During the team’s Week 10 win against Liberty, Isabella caught nine passes for a career-high 303 yards and two scores. The 303 receiving yards broke Victor Cruz’s previous record of 282 for most receiving yards in a single game in UMass history. This game was surely the best statistical game of his four-year career, but the game that stands out the most to Isabella was their final game of the season, a week 12 matchup against the Georgia Bulldogs.

In that game, Isabella caught a career-high 15 passes for 219 yards and two touchdowns. During the team’s loss to the Bulldogs, Isabella ended up breaking former UMass great and current Tennessee Titans wide receiver Tajae Sharpe’s school record for most receiving yards in school history. The previous record of 3,486 yards now belongs to Isabella with 3,525 yards.

In his four-year career at UMass, Isabella ranks second all-time in career touchdowns (30), receptions (231) and single-season touchdown receptions (13). Keep in mind that he only caught two passes for seven yards during his freshman season as well.

What Mark Whipple saw from Isabella throughout his career was something special. It was so special that he went on to call Isabella the best wide receiver to come out of UMass. To hear that from his former coach was something that brought a smile to Isabella’s face.

“That means a lot coming from Coach Whip. He saw things in me that I couldn’t see in myself and always believed in me,” Isabella explained. “He never gave up on me through bad games and having him say that means a lot to me.”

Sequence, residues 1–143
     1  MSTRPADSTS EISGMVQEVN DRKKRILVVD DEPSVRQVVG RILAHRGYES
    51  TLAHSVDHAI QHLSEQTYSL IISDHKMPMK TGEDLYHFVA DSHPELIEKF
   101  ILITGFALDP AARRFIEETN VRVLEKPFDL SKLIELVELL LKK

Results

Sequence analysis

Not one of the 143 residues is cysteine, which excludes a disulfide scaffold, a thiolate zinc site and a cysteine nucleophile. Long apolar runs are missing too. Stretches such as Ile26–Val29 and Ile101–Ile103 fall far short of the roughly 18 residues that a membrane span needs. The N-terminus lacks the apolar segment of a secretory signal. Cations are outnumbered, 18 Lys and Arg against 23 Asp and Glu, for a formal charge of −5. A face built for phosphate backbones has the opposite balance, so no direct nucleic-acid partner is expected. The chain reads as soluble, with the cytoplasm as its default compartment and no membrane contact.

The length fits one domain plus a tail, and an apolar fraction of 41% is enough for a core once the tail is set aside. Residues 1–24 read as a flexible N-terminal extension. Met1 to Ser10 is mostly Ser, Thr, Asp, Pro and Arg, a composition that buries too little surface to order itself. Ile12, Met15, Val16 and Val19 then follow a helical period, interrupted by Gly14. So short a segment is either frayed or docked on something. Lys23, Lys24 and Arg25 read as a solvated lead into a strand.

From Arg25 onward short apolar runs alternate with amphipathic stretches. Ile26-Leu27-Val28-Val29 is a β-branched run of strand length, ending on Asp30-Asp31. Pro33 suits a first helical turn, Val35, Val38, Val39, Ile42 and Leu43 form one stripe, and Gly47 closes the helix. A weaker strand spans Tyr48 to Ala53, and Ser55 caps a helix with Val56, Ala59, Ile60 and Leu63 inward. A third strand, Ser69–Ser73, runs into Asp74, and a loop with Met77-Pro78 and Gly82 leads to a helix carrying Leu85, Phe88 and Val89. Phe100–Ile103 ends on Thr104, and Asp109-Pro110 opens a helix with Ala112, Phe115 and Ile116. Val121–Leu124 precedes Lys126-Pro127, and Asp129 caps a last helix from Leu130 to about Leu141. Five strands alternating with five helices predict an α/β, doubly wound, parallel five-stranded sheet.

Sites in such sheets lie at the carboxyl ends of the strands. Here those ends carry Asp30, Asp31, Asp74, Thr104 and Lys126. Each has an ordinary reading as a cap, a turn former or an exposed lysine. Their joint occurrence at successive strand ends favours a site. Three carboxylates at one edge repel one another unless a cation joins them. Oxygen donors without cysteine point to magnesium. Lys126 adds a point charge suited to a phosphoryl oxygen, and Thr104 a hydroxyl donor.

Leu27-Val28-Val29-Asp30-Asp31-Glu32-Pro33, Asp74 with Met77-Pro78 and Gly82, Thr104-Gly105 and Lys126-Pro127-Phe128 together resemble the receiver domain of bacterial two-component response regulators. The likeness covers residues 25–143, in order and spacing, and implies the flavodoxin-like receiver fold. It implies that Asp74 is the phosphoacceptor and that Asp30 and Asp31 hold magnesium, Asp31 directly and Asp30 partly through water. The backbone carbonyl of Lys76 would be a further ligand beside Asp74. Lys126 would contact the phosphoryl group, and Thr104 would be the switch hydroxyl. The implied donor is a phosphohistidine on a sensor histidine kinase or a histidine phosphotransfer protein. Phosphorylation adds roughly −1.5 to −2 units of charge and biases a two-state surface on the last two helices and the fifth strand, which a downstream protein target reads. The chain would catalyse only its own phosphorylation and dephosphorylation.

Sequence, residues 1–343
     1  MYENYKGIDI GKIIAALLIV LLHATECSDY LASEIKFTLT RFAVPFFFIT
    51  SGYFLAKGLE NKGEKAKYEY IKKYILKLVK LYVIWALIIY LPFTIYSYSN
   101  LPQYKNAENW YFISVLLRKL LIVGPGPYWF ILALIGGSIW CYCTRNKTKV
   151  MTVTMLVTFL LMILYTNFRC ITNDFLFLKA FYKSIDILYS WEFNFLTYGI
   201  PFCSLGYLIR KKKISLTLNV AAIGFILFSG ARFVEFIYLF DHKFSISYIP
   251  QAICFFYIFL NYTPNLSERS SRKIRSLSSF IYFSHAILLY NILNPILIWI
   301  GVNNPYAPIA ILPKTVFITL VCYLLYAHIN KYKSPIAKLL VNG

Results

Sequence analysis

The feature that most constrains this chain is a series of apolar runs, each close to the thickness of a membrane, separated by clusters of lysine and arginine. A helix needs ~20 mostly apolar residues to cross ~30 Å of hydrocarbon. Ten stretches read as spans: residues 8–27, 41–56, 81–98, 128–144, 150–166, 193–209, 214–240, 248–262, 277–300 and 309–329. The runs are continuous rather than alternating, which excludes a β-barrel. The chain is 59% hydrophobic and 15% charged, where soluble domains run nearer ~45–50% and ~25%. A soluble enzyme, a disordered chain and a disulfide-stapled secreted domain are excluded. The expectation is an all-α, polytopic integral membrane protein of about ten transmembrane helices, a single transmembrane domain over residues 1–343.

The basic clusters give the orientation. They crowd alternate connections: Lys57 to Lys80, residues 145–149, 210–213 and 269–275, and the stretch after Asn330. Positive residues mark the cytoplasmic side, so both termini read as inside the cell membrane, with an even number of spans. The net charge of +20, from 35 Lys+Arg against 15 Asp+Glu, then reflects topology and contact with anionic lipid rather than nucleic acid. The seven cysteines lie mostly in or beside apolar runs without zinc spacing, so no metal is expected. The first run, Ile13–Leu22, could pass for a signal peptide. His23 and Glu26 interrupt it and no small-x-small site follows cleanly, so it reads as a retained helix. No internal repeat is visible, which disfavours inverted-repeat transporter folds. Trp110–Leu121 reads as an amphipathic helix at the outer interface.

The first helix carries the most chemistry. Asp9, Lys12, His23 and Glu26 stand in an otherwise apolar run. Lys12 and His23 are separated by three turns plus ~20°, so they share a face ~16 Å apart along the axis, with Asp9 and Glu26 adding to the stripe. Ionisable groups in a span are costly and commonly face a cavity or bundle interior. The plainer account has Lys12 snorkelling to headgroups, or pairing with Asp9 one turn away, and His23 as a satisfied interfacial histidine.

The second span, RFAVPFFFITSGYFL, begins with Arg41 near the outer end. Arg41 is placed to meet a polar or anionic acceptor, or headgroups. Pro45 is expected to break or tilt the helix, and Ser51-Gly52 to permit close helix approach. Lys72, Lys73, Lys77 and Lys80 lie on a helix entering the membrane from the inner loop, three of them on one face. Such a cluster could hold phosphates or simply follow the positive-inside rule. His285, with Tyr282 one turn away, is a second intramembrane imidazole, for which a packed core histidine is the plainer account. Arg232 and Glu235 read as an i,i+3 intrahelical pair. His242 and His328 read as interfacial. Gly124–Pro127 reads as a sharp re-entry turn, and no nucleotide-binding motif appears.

All of the postseason awards and recognition Isabella has received following the historical 2018 season is a product of his hard work and dedication to the game. All the extra time spent in the weight room and watching film has been shown on the football field the past four years.

Isabella was recently invited to the Reese’s Senior Bowl— an exhibition game for the top senior prospects entering the NFL draft— on Jan. 26 in Mobile, Ala. After that, the 5-foot-9, 190-pound wide receiver will start training for the 2019 NFL draft, something he always dreamed about doing.

From being recruited as a running back coming out of high school, to breaking the team’s all-time receiving yards record in his last game played for the Minutemen, Andy Isabella’s legacy at UMass is written in stone. He’s been flying under the radar his whole collegiate career and it’s satisfying to Isabella to see all of the work he’s put into the game finally paying off.

Being selected for eight different All-America awards is something that doesn’t go unnoticed. But for Isabella, what he leaves behind at UMass is much more than setting records and personal recognition. The past four years have taught him how to create an impact and influence on the players around him and that’s the one thing Isabella wants to be remembered for the most during his time spent in Amherst, Massachusetts.

“I want to be remembered for my hard work and dedication to making the team and teammates better,” Isabella said. “Even as an inspiration to my teammates to see that they can accomplish similar things through hard work.”

Michael Trivisonno is a current college student at Cleveland State University who covers high school sports throughout Northeast Ohio for NEO Sports Insiders. He's also been the Lake County Captains beat writer the previous two seasons.

3 Comments

3 Comments

  1. Michael Petruziello

    December 16, 2018 at 2:52 pm

    Nice job writing this article

  2. Bob triv Sr.

    December 16, 2018 at 5:09 pm

    Well written article. Nice job Mike Triv

  3. Dominic Laudato

    December 24, 2018 at 7:31 pm

    That was very well written l. Keep up the good work.